Surrey council has voted against a ban on donation bins, instead deciding to keep the city’s existing approach, following a man being found dead in a bin in West Vancouver on Dec. 30, 2018.
Currently, the city doesn’t have a bylaw that bans or regulates the bins.
Councillors Brenda Locke, Jack Hundial, Steven Pettigrew and Linda Annis voted in opposition of the status quo during a March 11 meeting.
Locke wanted to see a “total ban” noting they’re “just too dangerous.”
“I’m not willing to see another person die a really, really tragic death due to a donation bin,” said Locke, adding there have been five deaths in Toronto in the last five years, and four deaths in B.C. in the last three years including one near Guildford mall in 2016.
“I hope that members of this council will consider joining with other cities, six other cities in Metro Vancouver, that have also banned these bins,” Locke remarked.
But Councillor Laurie Guerra said she would “absolutely not be in favour of ceasing the use of these bins.”
“In my past life I was the president of a non-profit association asnd these bins have provided many, many, many resources,” said Guerra, referring to the Autism Socety of B.C.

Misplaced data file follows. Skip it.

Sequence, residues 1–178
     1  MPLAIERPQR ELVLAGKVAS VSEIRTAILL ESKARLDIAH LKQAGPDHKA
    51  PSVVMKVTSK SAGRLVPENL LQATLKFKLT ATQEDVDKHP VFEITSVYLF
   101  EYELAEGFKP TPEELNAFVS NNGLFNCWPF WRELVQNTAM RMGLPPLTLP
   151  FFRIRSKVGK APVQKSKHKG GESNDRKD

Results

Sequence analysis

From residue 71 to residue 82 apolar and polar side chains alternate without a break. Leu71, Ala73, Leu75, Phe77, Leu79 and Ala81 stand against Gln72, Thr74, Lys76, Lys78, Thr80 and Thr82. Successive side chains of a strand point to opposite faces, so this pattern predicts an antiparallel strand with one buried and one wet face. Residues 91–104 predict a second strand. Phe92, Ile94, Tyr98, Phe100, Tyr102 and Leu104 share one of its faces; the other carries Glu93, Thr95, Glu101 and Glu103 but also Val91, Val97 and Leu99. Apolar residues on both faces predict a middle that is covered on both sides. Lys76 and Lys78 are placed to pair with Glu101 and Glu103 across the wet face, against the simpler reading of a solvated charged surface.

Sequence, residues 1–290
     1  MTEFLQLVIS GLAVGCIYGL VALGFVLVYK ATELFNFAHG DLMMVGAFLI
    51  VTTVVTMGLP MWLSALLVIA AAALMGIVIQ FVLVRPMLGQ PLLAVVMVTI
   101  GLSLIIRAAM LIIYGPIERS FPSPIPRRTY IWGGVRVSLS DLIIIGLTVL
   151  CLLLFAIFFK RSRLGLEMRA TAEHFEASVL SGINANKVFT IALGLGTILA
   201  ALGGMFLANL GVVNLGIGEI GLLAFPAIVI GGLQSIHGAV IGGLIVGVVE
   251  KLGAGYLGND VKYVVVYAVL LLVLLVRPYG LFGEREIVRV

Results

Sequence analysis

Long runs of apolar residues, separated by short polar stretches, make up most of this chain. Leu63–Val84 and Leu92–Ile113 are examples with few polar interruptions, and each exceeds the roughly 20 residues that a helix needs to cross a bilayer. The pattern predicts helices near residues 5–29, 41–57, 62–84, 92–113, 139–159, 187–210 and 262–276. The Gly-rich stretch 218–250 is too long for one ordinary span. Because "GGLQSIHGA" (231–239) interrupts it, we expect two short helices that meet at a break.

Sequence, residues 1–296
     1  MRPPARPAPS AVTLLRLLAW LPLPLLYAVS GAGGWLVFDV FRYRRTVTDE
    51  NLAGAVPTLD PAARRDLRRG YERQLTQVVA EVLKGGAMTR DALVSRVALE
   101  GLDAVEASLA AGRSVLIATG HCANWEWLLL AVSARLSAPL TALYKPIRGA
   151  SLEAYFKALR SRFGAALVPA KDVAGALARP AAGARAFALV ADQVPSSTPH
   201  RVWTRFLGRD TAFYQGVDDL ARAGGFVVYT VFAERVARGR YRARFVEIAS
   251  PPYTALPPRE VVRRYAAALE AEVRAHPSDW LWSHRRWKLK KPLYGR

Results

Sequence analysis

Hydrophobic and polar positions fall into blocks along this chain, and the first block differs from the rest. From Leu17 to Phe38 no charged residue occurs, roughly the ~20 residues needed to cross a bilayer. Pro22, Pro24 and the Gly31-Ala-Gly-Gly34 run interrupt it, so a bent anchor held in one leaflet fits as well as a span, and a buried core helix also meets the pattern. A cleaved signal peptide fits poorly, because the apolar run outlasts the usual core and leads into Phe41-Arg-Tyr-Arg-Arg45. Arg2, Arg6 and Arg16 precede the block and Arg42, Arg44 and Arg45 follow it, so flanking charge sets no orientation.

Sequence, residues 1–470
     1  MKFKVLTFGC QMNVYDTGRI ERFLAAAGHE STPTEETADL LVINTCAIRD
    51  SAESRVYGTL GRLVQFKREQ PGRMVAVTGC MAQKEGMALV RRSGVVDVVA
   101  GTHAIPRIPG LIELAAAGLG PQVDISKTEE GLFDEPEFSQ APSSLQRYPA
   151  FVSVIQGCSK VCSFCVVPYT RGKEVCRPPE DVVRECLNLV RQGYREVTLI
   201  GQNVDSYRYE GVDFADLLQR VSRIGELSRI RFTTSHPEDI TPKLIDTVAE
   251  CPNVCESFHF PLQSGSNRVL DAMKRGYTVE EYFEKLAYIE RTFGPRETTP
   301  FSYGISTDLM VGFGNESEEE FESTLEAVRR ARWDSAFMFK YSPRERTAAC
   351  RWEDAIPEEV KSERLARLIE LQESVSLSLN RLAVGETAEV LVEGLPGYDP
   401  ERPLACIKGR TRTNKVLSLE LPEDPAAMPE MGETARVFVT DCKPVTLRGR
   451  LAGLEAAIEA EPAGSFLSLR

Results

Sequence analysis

“As far as I am aware, every one of the bins now that are in existence are checked to make sure the changes have been made so people can’t get stuck in these bins. So I’m not in favour of discontinuing use of these bins.”
Hundial stressed his desire to ban the bins, saying he believes there are “other mechanisms for non-profits” to elicit donations.
“I find them kind of unsightly as well,” Hundial added.
The City of Surrey doesn’t have a bylaw that either bans or explicitly regulates donation bins. While the city doesn’t allow donation bins on city property, they are permitted at Surrey fire halls.
In a report to council, Surrey staff had recommended the city continue its existing approach to handling donations bins – which was the approach adopted. Two alternatives were provided for council’s consideration: a total ban or establishing a regulation system for the bins.
Staff told council the bins “do not pose a safety risk to the public if used as intended,” and they don’t require additional oversight from the city.
The city’s Bylaw Enforcement, Compliance and Licensing division determined there are 147 donation bins throughout the city. Most of the bins are in private parking lots, Surrey School District sites and various temples and churches. Of the 147 bins, 24 are at fire halls, which are operated by the Surrey Fire Fighters Charitable Society, staff note.
However, the report states that as of late February, 64 of the 147 bins “appear to have been removed by property owners and/or owners of the bins.”
Meantime, the Surrey School District has removed all 42 clothing bins from school properties “as a result of safety concerns highlighted by the recent death.”
– With files from Amy Reid